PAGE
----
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Leading by Priorities or Pressure

Leading by priorities or pressure; there is a big difference, not only for you but your team. You have to learn how to say yes and no to the right things.


Most everyone on your team probably struggles with prioritization or working on the wrong things. One of the most important things a leader does is determine the priorities. Priorities management is the practice of focusing time and resources toward work, projects, and tasks that impact high-value projects, accounts, and long-term goals.

For priorities management, it is important to…


· Understand top company objectives. Speak up. Be bold. Proactively manage your boss until you have the tools and information you need to succeed.


· Align team goals with company objectives. Everyone must be headed in the same direction. A Harvard business research study says that 95% of a typical company's employees are unaware of or do not understand their company's strategic plan. Start with clear and frequent communication, especially about top company objectives. Set team and individual goals that align with company goals, and make sure you're measuring employees toward these objectives.


· Create standardized processes to initiate projects in the same format every time. The processes also must include some indication of importance, value, or priority. Implement a scorecard system that assigns strategic point values to all work, helping everyone easily determine which projects are essential and which are more flexible.


· Encourage the team to make time for important but not urgent work. It's easy to find yourself spending too much time hanging out here, and the important will never get addressed.


· Make course corrections. Make sure you have a good bird's-eye view of what's going on with your team so you can offer feedback and make adjustments along the way.


Regardless of our priority management, however, all of us face pressure, regardless of position, profile, title, experience, or gender. Pressure is real and it’s often a constant. The pressure can come from yourself, those above you in the organization, your teammates, or even the situation yourself. It can even harm your sense of self and well-being. A recent study revealed that 80 percent of employees complain of experiencing pressure at work, and nearly 60 percent want to quit their jobs because of high stress levels.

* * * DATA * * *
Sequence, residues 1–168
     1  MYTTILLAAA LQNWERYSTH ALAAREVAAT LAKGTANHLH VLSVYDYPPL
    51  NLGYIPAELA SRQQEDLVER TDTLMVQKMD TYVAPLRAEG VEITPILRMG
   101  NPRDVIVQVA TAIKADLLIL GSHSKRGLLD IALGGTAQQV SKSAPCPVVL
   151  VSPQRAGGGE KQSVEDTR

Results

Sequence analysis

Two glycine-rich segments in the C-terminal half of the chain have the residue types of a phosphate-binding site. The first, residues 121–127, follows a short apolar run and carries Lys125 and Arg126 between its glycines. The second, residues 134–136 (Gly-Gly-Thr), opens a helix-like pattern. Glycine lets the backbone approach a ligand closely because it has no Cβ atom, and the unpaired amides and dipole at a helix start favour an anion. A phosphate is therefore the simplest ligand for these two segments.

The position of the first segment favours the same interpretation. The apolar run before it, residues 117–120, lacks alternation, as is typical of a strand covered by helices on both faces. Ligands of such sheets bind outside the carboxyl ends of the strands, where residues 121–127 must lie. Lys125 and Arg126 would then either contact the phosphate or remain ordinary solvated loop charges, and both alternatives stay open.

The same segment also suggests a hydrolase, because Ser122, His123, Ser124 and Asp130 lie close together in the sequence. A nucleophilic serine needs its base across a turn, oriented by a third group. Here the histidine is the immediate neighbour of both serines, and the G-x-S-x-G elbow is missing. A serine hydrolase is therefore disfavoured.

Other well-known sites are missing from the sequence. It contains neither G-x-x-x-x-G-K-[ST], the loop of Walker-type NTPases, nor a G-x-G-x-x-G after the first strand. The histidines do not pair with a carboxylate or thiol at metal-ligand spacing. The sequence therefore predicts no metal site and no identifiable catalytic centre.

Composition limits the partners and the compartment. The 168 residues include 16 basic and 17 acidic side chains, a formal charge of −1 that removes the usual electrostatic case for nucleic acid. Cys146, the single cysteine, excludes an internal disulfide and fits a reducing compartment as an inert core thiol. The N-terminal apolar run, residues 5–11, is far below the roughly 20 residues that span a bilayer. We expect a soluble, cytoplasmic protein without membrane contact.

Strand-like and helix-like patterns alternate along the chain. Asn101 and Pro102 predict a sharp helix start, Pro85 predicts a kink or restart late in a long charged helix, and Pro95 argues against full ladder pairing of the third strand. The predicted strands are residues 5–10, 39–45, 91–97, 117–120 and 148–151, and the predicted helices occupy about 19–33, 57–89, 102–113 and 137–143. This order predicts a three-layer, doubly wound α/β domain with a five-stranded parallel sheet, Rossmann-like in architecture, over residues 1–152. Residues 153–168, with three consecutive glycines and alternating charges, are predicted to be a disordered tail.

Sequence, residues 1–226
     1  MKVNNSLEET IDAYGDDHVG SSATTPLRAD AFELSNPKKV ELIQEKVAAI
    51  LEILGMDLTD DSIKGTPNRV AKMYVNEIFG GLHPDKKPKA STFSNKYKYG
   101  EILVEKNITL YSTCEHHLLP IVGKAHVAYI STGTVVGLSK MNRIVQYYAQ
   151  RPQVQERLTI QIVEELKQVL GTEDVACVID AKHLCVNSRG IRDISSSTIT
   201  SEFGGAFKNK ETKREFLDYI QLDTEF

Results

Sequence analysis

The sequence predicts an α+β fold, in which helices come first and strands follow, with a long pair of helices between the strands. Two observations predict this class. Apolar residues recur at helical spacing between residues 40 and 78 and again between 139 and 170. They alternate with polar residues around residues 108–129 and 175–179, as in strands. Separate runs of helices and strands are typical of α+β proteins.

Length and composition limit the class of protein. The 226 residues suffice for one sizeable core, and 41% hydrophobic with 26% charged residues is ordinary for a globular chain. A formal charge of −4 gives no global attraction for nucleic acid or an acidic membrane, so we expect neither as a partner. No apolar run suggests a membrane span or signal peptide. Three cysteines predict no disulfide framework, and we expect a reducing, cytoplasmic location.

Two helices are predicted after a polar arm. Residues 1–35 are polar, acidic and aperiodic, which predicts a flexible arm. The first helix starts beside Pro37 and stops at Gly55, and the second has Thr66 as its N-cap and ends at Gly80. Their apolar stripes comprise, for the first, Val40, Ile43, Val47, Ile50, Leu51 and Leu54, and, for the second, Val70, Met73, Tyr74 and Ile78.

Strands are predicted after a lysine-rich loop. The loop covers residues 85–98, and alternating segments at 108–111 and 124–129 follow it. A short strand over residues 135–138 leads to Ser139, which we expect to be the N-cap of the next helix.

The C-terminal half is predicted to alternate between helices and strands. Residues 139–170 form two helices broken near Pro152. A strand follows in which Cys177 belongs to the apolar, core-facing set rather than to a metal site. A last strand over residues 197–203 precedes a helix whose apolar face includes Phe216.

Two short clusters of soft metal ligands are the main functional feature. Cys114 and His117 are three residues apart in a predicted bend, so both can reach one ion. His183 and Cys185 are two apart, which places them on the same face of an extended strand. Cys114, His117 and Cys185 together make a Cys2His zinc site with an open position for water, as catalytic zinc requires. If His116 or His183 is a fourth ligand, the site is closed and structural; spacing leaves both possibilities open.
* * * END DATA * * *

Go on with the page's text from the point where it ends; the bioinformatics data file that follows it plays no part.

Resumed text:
Of course, leadership is difficult and comes with a certain amount of built-in pressure. The leaders who are most effective are those who know how to deal with pressure in healthy and productive ways.


Some of the ways I have learned to deal with the daily pressure are these:


Manage yourself. Only when you can manage yourself under pressure can you manage others in the same situation. I personally am a Christ-follower, and that perspective helps me daily build my capacity to cope. I work in that framework to pivot from negative to positive, from overwhelmed to coping, and from panic to confidence.


Know and follow your purpose. One of the best ways to combat stress is to tap into the sense of purpose that fuels your drive. Victor Frankl said, “Those who have a ‘why’ to live can bear with almost any ‘how.’” Having a deep purpose for your work will give you consistent power to push through.


Control your expectations. Sometimes the culprit underlying our stress is unrealistic expectations, whether your own or those of others. You have to maintain clarity and know when to say yes and when to say no.


Maintain focus. Stay alert. If you keep your mind firmly focused you will be able to complete the task and do it well, even with tremendous pressure. As you finish that task, you can breathe deep, refuel, and take that focus to the next task and the next, until the job is done.

Pass on perfectionism. Leaders often believe they must be perfect. But you can’t. The faster you drop that idea, the faster the pressure will diminish. Work for progress instead. Aim for excellence. Perfectionism is so daunting it leads to procrastination which leads to more pressure. Let it go.


Work the 80-20 rule. Most people spend about 80 percent of their time and energy dwelling on the problem. Change it. Devote 80 percent to a solution and 20 percent to the problem.

Make boundaries clear. Everyone wants a piece of you. You are NOT the only one who can do the job and save the day. Be bold and firm about setting boundaries. Healthy boundaries are not walls, they’re gates that allow you to alleviate pressure. They make you a better and healthier person and leader.


Simplify. The most effective leaders boil things down. They understand priorities and work only on the things that really matter. Return to basics. Keep things uncomplicated and less stressful.


Accept ambiguity. Any high-pressure position or situation often comes with a degree of uncertainty. Teach yourself to become more adaptable, to respond to events and ambiguity objectively. Focus on what you have to do and just get it done instead of being overwhelmed with the unknown.


Delegate. You don’t have to do everything yourself. Control or micromanagement will kill you and them. The most productive leaders know how to delegate and let someone else move that task or project to “done.”


Cultivate a longer-term perspective. In the moment, a crisis can make us feel we are in the apocalypse. But the best leaders understand that most issues will sort themselves out in time, and so they focus on dealing with what they can in the present.


Lead from within. Let pressure challenge and stretch you to grow. Pressure can develop you beyond where you thought you could go if you remain calm and stay focused.

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